Holden Ends 69-Year Production Run Down Under

After Ford and Toyota already pulled the plug on Australian production, GM Holden follows suit today. The company will continue to employ about 1,000 direct staff and an additional 6,000 across its 200-strong national dealer network.

Alan Harman, Correspondent

October 20, 2017

4 Min Read
Holden Commodore last to roll of Elizabeth assembly line in South Australia
Holden Commodore last to roll of Elizabeth assembly line in South Australia.

They held a wake in South Australia at a private ceremony attended by more than a thousand close friends gathered around the body.

But as many as 50,000 could have attended – the number of people estimated to have lost their auto-industry jobs in recent times as, one by one, manufacturers quit building cars Down Under.

It was the end of an industry supporting 50,000 jobs and more than 120 parts suppliers across Australia.

The workers mourned an industry lost to short-sighted government policies that removed the protection against a flood of low-cost imports and parent companies intent on stemming the resulting loss of sales and hemorrhaging of money.

The end came quickly, in just 12 months. Ford ended manufacturing Oct. 7, 2016; Toyota built its last car in Australia Oct. 6.

Ford built 5.9 million vehicles in 91 years in Australia and Toyota 3.4 million in 54 years before they packed up.

GM Holden was the last to go, ending 69 years of manufacturing, and in the process transforming itself into a sales, engineering and design business that will lack the romance of car building.

It had closed its engine plant last November, after stockpiling enough V-6s for the last 12 months of car assembly.

Still, GM Holden will continue to employ about 1,000 direct staff and an additional 6,000 across its 200-strong national dealer network.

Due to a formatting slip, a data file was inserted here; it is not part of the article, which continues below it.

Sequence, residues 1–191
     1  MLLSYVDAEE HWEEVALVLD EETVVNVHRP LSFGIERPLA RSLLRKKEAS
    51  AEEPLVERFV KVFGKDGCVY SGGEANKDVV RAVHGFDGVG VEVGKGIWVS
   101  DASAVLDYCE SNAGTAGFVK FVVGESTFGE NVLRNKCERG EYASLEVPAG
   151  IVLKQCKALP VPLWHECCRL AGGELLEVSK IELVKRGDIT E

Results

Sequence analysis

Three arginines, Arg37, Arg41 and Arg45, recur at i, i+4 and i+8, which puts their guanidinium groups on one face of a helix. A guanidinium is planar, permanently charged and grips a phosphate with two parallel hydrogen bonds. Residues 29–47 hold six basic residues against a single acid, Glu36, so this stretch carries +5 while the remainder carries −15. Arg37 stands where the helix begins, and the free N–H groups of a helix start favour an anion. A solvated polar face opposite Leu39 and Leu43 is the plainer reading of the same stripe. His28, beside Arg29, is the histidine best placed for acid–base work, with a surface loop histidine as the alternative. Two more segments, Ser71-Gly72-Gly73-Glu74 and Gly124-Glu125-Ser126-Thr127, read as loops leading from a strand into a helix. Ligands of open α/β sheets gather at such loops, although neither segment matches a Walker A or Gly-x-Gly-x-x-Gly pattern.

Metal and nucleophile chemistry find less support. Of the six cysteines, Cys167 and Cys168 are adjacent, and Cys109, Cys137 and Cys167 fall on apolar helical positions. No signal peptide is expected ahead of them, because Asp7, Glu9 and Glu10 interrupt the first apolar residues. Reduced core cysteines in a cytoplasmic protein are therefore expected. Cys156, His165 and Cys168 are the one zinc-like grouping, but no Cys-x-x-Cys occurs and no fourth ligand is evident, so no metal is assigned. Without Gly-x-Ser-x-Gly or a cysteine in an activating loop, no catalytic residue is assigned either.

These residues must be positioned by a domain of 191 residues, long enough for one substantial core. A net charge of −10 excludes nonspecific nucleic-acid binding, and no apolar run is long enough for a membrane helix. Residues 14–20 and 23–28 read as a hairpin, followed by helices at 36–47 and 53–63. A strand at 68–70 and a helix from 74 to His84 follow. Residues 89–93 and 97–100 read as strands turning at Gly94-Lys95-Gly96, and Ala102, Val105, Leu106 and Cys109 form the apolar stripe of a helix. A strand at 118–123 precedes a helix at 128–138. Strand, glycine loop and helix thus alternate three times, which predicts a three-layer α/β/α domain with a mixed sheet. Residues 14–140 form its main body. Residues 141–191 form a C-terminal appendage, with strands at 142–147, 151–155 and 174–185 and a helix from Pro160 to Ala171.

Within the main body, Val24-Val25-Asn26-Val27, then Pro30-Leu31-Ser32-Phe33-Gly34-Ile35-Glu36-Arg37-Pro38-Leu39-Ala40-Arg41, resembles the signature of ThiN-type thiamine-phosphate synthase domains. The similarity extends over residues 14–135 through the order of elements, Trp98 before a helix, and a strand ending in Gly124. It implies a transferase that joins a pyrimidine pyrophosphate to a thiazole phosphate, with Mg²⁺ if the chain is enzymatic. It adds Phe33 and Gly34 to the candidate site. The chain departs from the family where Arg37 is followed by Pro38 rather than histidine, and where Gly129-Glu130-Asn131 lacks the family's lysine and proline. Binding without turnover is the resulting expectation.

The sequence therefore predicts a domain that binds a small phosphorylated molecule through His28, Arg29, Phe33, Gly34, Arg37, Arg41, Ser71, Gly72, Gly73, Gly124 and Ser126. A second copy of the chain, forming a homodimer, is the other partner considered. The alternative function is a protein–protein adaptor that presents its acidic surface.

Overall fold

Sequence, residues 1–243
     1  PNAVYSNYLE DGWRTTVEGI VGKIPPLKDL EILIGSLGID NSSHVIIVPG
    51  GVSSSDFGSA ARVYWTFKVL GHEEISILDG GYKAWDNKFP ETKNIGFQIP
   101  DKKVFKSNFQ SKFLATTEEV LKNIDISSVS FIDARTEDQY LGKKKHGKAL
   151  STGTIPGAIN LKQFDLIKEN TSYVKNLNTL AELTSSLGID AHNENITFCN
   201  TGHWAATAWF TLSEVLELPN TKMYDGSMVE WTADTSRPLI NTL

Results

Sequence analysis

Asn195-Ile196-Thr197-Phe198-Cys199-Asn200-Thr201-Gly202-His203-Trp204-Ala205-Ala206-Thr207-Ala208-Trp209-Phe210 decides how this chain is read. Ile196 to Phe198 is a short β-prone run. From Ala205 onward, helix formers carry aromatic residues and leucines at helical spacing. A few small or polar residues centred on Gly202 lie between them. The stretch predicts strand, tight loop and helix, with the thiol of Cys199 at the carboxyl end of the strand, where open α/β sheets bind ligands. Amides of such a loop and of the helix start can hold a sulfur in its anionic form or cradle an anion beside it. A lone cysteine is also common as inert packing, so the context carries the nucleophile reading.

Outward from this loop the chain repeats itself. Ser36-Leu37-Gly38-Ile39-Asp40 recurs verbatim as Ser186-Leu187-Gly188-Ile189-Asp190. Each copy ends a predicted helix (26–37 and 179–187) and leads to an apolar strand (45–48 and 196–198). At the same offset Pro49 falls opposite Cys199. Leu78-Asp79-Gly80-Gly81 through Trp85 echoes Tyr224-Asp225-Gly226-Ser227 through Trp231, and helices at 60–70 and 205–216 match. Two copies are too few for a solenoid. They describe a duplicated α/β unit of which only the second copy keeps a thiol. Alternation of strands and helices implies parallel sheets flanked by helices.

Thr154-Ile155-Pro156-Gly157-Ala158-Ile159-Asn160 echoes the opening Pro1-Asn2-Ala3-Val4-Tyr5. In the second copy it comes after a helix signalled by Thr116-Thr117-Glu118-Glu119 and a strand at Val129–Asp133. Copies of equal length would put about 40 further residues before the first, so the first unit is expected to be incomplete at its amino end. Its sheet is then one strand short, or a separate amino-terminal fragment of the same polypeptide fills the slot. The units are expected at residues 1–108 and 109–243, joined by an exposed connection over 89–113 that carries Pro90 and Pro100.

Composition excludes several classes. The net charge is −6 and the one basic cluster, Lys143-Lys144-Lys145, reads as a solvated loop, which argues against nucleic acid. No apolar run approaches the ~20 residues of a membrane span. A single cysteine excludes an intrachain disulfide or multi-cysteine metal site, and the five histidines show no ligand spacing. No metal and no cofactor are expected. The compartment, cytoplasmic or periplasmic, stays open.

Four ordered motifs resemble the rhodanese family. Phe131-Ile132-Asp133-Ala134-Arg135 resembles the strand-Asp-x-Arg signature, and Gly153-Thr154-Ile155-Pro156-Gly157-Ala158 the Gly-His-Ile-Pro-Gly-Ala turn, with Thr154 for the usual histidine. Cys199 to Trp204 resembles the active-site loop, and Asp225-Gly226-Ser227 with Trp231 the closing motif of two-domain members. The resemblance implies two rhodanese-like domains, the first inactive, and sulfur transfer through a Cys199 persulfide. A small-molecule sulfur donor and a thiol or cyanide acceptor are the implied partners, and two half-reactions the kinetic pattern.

The company retains a design and engineering workforce of about 350 people, working on local and global programs. Holden vehicles will continue to be tuned and tested for Australian conditions and customers at its Lang Lang Proving Ground in Victoria.

But the manufacturing era came to an end today as the last vehicle, a Holden Commodore, came rolling off the Elizabeth line. It was the 7,687,675th built by the General Motors subsidiary.

The last cars built, a Commodore sedan, wagon and ute and Caprice limousine, join GM Holden’s heritage collection.

The Commodore, Holden’s iconic big car, will continue in name but will be built in Germany. The next version, a rebadged Opel Insignia due in March, no longer will have a V-8, instead offering a choice of a 4-cyl. or V-6.

Holden will launch 24 major vehicles and 36 new drivetrain combinations by 2020, including the all-new Equinox in November and the all-new Acadia SUV in 2018.

From the first Holden 48-215 to roll off the Fishermans Bend production line Nov. 29, 1948, to the final VFII Commodore Redline, Holden has been part of the fabric of Australia.

It is the second-oldest transportation company globally, starting as a saddlery business in Adelaide in 1856.

At its peak, Holden had a 50.3% market share in 1958. Employment peaked in 1964 at 23,914 across seven Australian facilities. At the end of production, the Elizabeth plant still had 945 workers.

GM Holden’s employee transition center will remain open on the Elizabeth site for at least two years to ensure all GM Holden and supply-chain employees have the best possible chance to start new careers.

The plant ended its life with the highest-quality results of any GM plant. The last Commodores, completed ahead of the ceremonial closing, came out with a “right-first-time” rate of 98%.

GM Holden Chairman and Managing Director Mark Bernhard says treating the workers with dignity and respect always was the top priority during the transition.

“We’re all proud we were able to achieve that. We see it as recognition of their dedicated service over the years,” he says in a statement. “With 85% of all workers to date successfully transitioning, we’ve worked closely with our people to support them.

“Holden also appreciates the partnership and assistance of the state and federal governments, along with the unions, over many years.

“Right after supporting our people comes ensuring we set Holden up for success for many years to come. The best way we can honor our people and our heritage is by building a successful future, and that’s exactly what we’ll be focused on.”

Bernhard says the last day was about paying tribute to the generations of men and women across GM Holden and its supply network who have given so much to the company.

“Holden is the icon it is today only because of these passionate people,” he says.

“On behalf of everyone at Holden, I thank you for your service from the bottom of my heart.”

About the Author(s)

Alan Harman

Correspondent, WardsAuto

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